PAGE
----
I loved school when I was a kid. I grew up in St. Paul, Minnesota and attended Kindergarten to 8th grade at a Catholic school called St. Columba. Some of my fondest memories were there and the greatest teachers and friends I have ever known in my childhood years. I loved that I was accepted for who I was regardless of being the minority and one of just a few Asian families in the entire school. They embraced diversity. It wasn’t something that anyone pointed out or made a big deal of. I was just me. Theresa. Smart, short, sarcastic dimple face, funny, handwriting perfectionista, shy and poofie hair extraordinaire! I know you have heard me allude to my poof. Well, here is proof of the awesome nest. It was real. Those of you who are my age — I know you get me. And I know you thought it was awesome too. I blasted my Paula Abdul tapes, perfected the Running Man and Roger Rabbit with my rad pinned stonewashed jeans and crop top. I will admit I adored my permed hair too. I thought I was one cool chick! Well, I think I still am. When I graduated 8th grade, I didn’t realize that it was the end of a magical, happy era for me. The dark days were coming.
I Hated High School
High school was a horrible experience for me. There were some fun times, but what overshadows those 4 years was being a victim of bullying … not even by girls, but by BOYS! The first time it happened, I was walking into the classroom and went across the front row of seats to sit where I usually do. As I was heading to my seat, I felt something wet on my arm. I looked down and I saw drops of clear fluid on me. One of the boys spit on me. HE SPIT ON ME. What was going on? Oh, it was not an accident because when I looked at him, he just smiled back. I didn’t even know how to respond. No one had ever treated me like that before. I didn’t have time to be pissed. I was just SHOCKED. Why did he feel the need to spit on me? What did I do to him? What did I EVER do to him? We NEVER even spoke to each other before. Who was this boy? Let’s just call him Crow. Crow was a jock and friends with “Derrick” one of the boys I used to “date” in grade school. I thought maybe that Derrick told Crow some things about our past relationship that somehow made Crow think I deserved to be treated that way. It didn’t end there. He and another boy “David” would call me “Gook”, “Chinese Chink”, say things like “Ching, Chong, long duck dong” and laugh at me. It was very discrete. No one ever noticed. There would be times when Crow would just GLARE at me and even though I was across the room, it was as if I could feel his stank breath on me. I would just sit in fear and used all of my power to not look his way. There would be accidental “bumps” and “pushes” in the hallway. I know they weren’t accidents. These guys were always sneering at me. I wasn’t a loner. I had great friends and I was friends with everyone, yet these boys just wouldn’t let up. I was too scared to say anything to them in fear of confrontation. I never wanted to tell anyone for fear of sticking out as the girl who was bullied. I just wanted it to be like at St. Columba where I never felt different or like an outcast. Just loved. I never told anyone during the 4 years that this happened and never spoke of it until about a decade after high school was all over.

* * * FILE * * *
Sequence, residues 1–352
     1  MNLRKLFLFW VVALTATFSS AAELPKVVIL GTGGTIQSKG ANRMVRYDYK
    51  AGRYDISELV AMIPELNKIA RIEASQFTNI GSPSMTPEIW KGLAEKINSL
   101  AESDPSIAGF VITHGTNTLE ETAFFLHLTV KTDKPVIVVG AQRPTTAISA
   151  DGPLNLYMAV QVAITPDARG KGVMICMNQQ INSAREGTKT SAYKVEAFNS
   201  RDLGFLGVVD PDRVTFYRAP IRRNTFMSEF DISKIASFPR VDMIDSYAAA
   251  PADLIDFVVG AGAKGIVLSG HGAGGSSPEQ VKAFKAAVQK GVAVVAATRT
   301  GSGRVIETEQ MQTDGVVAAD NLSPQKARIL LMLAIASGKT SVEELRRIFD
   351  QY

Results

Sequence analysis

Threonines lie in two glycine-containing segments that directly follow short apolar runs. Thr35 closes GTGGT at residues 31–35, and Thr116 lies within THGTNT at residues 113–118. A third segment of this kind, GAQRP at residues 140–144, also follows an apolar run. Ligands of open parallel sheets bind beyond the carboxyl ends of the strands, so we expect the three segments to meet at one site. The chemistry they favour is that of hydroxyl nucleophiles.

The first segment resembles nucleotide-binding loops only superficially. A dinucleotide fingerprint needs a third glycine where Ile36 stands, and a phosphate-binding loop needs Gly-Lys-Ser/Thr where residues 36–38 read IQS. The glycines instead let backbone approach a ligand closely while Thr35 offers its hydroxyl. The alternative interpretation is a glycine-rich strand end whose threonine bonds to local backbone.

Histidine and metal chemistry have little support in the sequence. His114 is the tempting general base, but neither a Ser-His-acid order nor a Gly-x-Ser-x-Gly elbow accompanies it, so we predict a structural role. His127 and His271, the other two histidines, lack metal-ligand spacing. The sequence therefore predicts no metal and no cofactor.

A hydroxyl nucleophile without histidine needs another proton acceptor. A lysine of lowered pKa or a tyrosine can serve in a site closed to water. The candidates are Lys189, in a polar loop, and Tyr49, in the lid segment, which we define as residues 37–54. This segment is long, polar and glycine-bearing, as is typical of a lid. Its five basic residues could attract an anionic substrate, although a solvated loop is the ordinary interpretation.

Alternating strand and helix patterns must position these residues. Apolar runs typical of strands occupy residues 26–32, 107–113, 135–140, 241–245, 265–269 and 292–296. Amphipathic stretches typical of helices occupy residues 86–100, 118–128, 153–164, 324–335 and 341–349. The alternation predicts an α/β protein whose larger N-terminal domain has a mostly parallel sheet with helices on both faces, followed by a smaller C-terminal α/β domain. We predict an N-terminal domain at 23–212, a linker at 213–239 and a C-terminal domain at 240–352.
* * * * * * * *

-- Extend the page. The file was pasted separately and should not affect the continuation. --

I don’t know why I never shared this with my parents or friends in high school. I was just a girl who wanted to be accepted. I didn’t even like being Vietnamese because I wanted to look like my caucasian friends with the brown hair and blue eyes. They were so lucky they could fit in anywhere. No one ever bullied them. But as you become older, you become wiser – well, most of us do at least. I started to embrace my culture, my identity and the woman I was becoming. The memories of being bullied became like dust in the wind. Or so I thought.